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Michigan vs. Alabama: Scouting reports, QB battle, predictions, and more

How does the Tide stack up against the #1 team in the country?

2023 SEC Championship - Georgia v Alabama Photo by Todd Kirkland/Getty Images

The Rose Bowl is just around the corner, and there are plenty of opinions being thrown around out there. The Crimson Tide enters the game as a 4-seed that slipped into the back end of the playoff, while Michigan was the most consistently dominant team in college football.

Of course, dominant against the likes of Purdue, Maryland, Minnesota, and Indiana is a bit different from what Alabama faced on a week to week basis. The Wolverines essentially had a 2-game season against Penn State and Ohio State - and while they certainly passed both of those tests, they’re still far from a known team.

For Alabama, the Crimson Tide is both more known and more uncertain as a team. Alabama has played against some of the top teams in the country throughout the season, taking down the country’s best offense in LSU, the 2-time national champion and wire-to-wire #1 team in Georgia, the most talented team (in terms of recruiting numbers) in Texas A&M, another playoff team in Texas, and three more upper tier teams in Ole Miss, Tennessee, and Kentucky. Even Alabama’s out-of-conference “easy” game was a USF team that has really overachieved this year. So while we’ve seen Alabama against the best of the best competition all season, we’ve also seen extremely bipolar play from them and a whole lot of uncomfortably close games.

The QB Battle

As always, the matchup between QBs is going to hog the airwaves. Michigan’s J.J. McCarthy. The second-year starter has completed a staggering 74% of his passes this season, though at a fairly low 12 yards per completion. He’s spent the entire season getting the ball out fast and letting his wide receivers get yards after catch quickly. McCarthy was on pace for some Heisman runner-up level stats for the first chunk of the season, but he didn’t top 150 passing yards in each of his last 4 games. While not generally known as a running QB, he racked up over 300 yards last year before cutting down the scrambling this season. He’s definitely got the quicks to pick up a 3rd down with his legs when needed.

For Alabama, Jalen Milroe is pretty much the opposite. The uber-athletic QB was an absolute disaster early in the season before seeming to flip a switch in the 2nd half of the Tennessee game. He’s one of, if not THE, best deep ball thrower in the country:

At nearly 16 yards per completion and only 6 interceptions (and only 1 since the end of October), Milroe has been deadly efficient while targeting deep down the field. On top of that, He’s got nearly 500 rushing yards with 12 touchdowns on the ground.

Where McCarthy gets the ball out fast at a high completion rate, Milroe is a big play waiting to happen on every given snap - but also prone to bad sacks.

Michigan Scouting Report

Defensively, the Wolverines boast one of the best scoring defenses of all time. At only 9.5 points per game, this beats Alabama’s 2011 defense in raw scoring numbers. They only twice allowed over 20 points - vs Maryland and Ohio State in back to back games to end the regular season.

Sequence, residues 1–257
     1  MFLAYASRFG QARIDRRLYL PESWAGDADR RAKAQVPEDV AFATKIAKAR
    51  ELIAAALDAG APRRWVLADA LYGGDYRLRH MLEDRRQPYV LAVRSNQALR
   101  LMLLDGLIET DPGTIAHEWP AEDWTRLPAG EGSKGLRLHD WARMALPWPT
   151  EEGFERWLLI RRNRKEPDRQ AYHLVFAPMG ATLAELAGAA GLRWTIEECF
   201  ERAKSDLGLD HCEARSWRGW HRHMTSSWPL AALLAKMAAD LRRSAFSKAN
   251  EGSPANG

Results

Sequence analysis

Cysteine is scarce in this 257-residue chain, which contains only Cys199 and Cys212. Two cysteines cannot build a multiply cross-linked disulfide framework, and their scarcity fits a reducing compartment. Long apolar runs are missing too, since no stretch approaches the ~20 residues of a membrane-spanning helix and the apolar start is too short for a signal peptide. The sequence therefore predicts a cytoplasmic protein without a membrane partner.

While the Wolverines lack major star players on defense (DL Kris Jenkins is a 3rd team All-American, and CB Mike Sainristill is a 2nd teamer), they’ve made up for it with incredible consistency all season long (almost every single starter was a 2nd or 3rd team All-Big 10 player).

They didn’t get a whole lot of sacks as a team, but senior edge rusher Jaylen Harrell is the ring leader with 6.5 sacks. In the secondary, Sainristill is a former wide receiver playing nickel back that leads the team with 5 interceptions as a highly active and athletic difference maker.

On offense, the Wolverines are an interesting squad. Their top RB, Blake Corum, has 1028 yards on a rather pedestrian 4.7 yards per carry, while his backup, Donovan Edwards, has only 3.5 yards per carry. For a team supposedly built on running the ball, they haven’t been the most impressive rushing team.

Their passing offense has been efficient, and 3 different receivers have over 500 yards (Roman Wilson, Cornelius Johnson, and Colston Loveland), but, again, McCarthy’s numbers don’t really stand out other than the high completion percentage. Despite all of that, though, they’re 14th in the country in scoring at 37 points per game. It’s not a pretty or flashy offense, but it’s scored all the points that it’s needed to score.


As always, we could hedge our way through this section with plenty of caveats: What Alabama team shows up? The one that manhandled Georgia, or the one that nearly lost to Auburn? Will Michigan falter as soon as they face their second real team of the season?

Here are predictions from some of your RBR Staff:

Erik: 34-10 Bama. “It is a sport of matchups, and that just happens to be the worst possible one for Michigan - the other terrible one is the team that Alabama just eliminated. Georgia would destroy them too.”

Roger: 35-17 Bama

BamaBrave4: 31-13 Bama. “Either Alabama is going to run them off the field or the Wolverines have actually finally broken through and win a tight one 20-17. There is no inbetween. To me, I’ll have to see it to believe it. Saban with extended time to prepare + significant talent gap = 31-13 Bama”

Brent: Like the others, I’m going with a comfortable victory for Alabama. The Wolverines just don’t do anything specific at an elite level, and they’ve feasted on a schedule of 8 teams with worse offenses than Vanderbilt. Alabama’s offense will stop itself a few times with some dumb moments, but it’s ultimately a comfortable win. 33-14 Alabama.